Apartheid Agony in South Africa

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The fanatically racist Vorster regime has unleashed a reign of terror against Black militancy in South Africa.

During October, thousands were arrested, hundreds imprisoned indefinitely without trial under the notorious Terrorism Act, eighteen Black organizations liquidated, and two major Black newspapers closed.

This pogrom revealed the extraordinary desperation of a doomed regime in the face of wave after wave of massive riots and boycotts that followed the prison murder of Steven Biko, Black Consciousness leader.

Biko was the 20th freedom fighter to perish in jail. His murder was calculated to smash the sustained protests sweeping the country ever since the 1976 student boycotts, but the murder boomeranged, and the current repression is a last-ditch attempt to stem the ascending revolutionary tide.

Permanent Revolution at Work

Each repressive reflex of the regime strengthens the revolt.

The government sent bulldozers into housing settlements and razed them to the ground in an attempt to drive out militants. But the Blacks refused to retreat to outlying tribal homelands.

Hundreds of Soweto teachers resigned en masse in sympathy with a student boycott in October. Increasing numbers of white students support the Black student militants. Black students are joining the guerilla forces and penetrating further into the interior. White moderate newspapers advocate liberalizing the race laws. And Black workers are beginning to join the students.

This initial breakdown of rigorous social divisions is a dire threat to the apartheid system, which is the mainstay of the handful of ruling white capitalists who own 90% of the country’s land and resources.

The impoverished majority population of 18 million Blacks is cruelly restricted to small, desolate areas, refused citizenship, and denied the products of their indispensable labor. Thus, the liberation movement’s demand for an end to racial partition implies the massive expropriation of the capitalists and the death of the entire, bankrupt social system.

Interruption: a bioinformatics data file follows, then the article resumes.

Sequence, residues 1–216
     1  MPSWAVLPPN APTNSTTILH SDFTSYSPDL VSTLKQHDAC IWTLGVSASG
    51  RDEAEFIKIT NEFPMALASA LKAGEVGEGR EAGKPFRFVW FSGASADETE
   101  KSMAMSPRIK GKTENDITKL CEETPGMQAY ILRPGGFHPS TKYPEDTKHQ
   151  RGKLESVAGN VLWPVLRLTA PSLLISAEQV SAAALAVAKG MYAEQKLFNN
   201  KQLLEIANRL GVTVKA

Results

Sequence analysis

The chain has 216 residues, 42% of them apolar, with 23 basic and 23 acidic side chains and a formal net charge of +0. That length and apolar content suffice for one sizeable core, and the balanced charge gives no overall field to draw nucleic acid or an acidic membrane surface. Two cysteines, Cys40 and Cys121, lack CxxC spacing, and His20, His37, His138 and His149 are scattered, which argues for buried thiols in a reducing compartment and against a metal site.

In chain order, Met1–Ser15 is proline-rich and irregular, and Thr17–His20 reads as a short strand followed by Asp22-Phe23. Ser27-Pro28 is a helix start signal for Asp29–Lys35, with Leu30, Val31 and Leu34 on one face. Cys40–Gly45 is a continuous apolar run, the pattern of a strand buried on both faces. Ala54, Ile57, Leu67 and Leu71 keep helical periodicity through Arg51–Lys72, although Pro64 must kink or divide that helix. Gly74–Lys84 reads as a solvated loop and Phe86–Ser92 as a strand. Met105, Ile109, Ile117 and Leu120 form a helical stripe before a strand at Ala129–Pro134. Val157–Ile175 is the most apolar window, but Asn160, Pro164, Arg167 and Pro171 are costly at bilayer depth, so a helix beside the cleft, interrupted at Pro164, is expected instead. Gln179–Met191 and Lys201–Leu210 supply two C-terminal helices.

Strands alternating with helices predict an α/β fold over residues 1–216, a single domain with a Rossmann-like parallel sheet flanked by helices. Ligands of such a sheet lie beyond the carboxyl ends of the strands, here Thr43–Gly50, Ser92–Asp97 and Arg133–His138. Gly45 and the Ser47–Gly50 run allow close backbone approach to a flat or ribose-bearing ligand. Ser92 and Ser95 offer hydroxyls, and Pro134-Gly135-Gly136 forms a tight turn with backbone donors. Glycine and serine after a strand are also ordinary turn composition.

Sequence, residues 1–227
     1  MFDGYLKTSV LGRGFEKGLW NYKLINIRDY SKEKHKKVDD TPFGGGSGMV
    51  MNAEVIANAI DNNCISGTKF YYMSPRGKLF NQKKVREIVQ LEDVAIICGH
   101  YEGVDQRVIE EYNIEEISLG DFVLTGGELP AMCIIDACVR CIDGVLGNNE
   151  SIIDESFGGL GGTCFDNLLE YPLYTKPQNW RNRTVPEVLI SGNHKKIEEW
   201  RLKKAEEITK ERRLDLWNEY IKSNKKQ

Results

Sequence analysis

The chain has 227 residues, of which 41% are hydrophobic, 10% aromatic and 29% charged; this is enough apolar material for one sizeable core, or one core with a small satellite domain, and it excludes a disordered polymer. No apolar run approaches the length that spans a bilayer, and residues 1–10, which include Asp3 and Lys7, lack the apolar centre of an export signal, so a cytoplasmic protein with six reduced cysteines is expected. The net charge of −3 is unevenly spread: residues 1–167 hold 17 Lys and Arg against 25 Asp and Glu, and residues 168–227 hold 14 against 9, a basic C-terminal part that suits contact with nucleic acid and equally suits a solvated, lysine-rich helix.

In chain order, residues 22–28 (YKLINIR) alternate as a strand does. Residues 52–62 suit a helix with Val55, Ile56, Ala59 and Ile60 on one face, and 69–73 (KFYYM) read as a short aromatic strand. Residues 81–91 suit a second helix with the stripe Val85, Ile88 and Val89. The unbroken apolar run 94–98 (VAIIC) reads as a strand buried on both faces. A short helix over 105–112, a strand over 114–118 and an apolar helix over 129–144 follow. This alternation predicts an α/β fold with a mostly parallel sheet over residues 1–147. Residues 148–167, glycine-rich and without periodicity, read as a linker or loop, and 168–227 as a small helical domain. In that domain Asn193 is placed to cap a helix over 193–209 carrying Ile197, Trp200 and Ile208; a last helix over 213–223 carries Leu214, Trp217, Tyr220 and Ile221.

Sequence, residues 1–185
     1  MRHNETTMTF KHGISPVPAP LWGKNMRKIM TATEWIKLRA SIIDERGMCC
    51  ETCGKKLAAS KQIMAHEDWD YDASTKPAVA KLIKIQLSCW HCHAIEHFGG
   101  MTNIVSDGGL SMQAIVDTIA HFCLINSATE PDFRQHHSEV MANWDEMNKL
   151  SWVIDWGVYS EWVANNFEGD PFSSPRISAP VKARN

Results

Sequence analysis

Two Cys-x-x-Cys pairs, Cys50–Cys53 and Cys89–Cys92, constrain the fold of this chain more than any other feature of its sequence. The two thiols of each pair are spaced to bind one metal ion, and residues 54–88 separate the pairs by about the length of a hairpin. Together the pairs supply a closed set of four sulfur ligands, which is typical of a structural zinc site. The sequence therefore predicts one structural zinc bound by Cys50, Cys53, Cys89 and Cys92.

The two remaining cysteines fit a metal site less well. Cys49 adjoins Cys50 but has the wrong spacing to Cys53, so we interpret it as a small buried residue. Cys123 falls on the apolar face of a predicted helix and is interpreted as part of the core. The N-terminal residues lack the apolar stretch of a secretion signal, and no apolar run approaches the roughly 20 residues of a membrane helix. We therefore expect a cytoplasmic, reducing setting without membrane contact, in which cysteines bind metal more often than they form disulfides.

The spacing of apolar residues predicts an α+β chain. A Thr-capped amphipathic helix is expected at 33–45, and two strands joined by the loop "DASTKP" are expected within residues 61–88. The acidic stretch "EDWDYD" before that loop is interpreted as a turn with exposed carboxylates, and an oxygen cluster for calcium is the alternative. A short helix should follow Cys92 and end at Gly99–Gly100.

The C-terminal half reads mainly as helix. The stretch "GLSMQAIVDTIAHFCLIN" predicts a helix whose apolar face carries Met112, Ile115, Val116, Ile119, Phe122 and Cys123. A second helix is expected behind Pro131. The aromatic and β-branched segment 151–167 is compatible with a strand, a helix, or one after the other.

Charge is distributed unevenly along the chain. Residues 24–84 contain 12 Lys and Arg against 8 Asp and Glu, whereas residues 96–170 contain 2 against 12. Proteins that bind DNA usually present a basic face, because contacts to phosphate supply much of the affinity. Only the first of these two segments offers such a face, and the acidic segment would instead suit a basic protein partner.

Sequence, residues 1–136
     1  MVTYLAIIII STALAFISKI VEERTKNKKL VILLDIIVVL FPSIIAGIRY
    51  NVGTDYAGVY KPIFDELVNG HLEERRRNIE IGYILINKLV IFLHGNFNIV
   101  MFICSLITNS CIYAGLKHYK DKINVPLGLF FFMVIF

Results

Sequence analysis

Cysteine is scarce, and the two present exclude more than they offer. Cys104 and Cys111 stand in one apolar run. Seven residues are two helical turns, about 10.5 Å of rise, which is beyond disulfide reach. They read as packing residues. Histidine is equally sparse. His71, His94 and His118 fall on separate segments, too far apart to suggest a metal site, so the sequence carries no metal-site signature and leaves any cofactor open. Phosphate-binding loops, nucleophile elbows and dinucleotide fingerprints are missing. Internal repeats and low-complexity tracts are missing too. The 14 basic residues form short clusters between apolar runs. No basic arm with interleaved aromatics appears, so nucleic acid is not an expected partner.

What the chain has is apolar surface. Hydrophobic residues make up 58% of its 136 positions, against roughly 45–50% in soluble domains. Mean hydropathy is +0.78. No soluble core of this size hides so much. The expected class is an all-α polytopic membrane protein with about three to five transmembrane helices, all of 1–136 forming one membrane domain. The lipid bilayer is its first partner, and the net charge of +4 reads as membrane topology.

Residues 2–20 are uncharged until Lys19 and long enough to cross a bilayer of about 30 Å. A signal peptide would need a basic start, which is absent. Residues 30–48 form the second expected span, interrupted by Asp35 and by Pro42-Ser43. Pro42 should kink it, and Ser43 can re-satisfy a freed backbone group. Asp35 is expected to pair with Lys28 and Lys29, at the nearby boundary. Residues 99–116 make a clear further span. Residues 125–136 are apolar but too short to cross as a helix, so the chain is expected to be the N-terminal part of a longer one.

Imperialist Fear and Trembling

Human rights rhetoric notwithstanding, the interimperialist controversy over South Africa is simply a tactical matter. They all intend to preserve South African capitalism and save their own enormous investments. United States capital is a major buttress of the troubled South African economy — 300 known U.S. corporations operate there.

Hence the White House threat of an arms embargo is empty sermonizing, The U.S. ruling class is deeply apprehensive that unless token concessions are made, a civil eruption of such magnitude will be provoked that all will be lost.

But the apartheiders fear that the slightest concession will engender a flood of social demands that capitalism cannot grant. The regime scoffs at the proposed arms embargo.

“They must not think that if they shout at us we will tremble,” says Defense Minister P. W. Botha, “or that to boycott us will impoverish us and bring us to our knees.”

The racists clearly signal their intent to fight to the death with hard line brutality — and they have acquired nuclear arms.

Whether or not concessions are granted, the South African government cannot contain the social upheaval without destroying itself.

Mounting international support for a Black South Africa — and deepening solidarity of South Africans themselves under the onslaught of daily police attacks and wholesale demolition of their community — serve notice to the world that total dismantling of the monstrous machinery of apartheid is on the order of the day.

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